From the Editors of SelfCare (Free text)

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In this issue we feature a paper which reports a novel method of evaluation for healthcare interventions – Social Return on Investment (SROI). This methodology offers a consumer-based perspective to the cost benefit evaluation of an ‘expert patient’ self care programme. Social Return on Investment (SROI) is a framework to measure the value created by interventions outside of direct financial return or health benefit and seeks to evaluate the broader impact on the participation of individuals in society. The more intangible changes that result from a self care programme have importance for the quality of life of the individual and to society as a whole and the ambitious aim of SROI is to put a value on them. We hope the report of this pilot study will stimulate interest and debate on the potential of this methodology.

Also in this issue is part one of a broad ranging review by Professor Jeff Taylor of the factors which influence self care behaviour, and specifically self medication.  This first paper examines the way in which people evaluate their illnesses and what influences them to treat a condition as ‘minor’, and suitable for self care, or more serious and requiring professional advice. Future sections in this series will deal with factors influencing the use and abuse of self medication and the challenges of communicating information to consumers and monitoring how they behave. In assembling references to much of the recent literature on self medication in this series, we believe Professor Taylor’s reviews will provide a valuable resource to the readers of SelfCare.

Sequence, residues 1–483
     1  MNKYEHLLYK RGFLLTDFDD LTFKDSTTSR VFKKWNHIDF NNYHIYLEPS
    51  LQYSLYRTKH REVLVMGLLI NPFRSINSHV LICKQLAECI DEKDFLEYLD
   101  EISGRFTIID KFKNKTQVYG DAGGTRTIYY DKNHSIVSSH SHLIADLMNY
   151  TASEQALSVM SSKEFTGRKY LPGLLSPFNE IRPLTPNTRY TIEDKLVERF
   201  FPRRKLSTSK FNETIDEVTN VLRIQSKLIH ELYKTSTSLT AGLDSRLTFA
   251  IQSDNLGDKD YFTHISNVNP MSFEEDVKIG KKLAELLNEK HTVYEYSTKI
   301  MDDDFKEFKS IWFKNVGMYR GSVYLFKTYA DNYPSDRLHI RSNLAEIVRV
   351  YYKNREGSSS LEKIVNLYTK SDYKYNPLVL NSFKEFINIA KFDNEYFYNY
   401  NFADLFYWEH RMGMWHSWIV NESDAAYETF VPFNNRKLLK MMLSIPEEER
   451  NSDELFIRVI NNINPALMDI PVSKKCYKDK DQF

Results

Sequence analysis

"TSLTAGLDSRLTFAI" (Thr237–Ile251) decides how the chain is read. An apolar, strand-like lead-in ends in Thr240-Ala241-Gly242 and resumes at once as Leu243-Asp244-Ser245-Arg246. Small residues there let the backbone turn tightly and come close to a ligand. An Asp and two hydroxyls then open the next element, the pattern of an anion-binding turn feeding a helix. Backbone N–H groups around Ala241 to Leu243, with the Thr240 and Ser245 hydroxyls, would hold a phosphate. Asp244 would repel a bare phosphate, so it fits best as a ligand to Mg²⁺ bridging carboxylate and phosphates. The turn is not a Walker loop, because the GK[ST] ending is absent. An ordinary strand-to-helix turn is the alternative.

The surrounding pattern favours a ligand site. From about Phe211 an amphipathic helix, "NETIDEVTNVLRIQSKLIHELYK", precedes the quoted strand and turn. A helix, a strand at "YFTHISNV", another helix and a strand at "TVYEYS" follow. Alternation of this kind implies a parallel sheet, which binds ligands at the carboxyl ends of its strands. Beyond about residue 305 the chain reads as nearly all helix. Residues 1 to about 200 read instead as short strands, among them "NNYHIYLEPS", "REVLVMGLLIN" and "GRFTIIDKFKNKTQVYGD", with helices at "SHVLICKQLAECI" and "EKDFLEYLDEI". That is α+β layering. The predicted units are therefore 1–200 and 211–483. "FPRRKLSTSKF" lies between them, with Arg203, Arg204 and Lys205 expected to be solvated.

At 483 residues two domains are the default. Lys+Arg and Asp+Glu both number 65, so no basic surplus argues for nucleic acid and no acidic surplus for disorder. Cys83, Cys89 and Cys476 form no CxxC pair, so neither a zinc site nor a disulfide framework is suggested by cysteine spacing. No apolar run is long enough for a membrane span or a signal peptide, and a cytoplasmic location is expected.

Finally we urge our readers to consider contributing to the journal in various ways. We welcome your ideas on subjects you would like to see covered in SelfCare, e.g. commissioned reviews of therapeutic areas relevant to self care, or regulatory and health care policy issues you would like to see an authoritative view on. Much of the content inSelfCare to date has been on controversial subjects and we would especially value your views in the form of Letters to the Editor for publication. So please consider becoming an active member of the SelfCare on-line community and help to build the evidence-base for self care.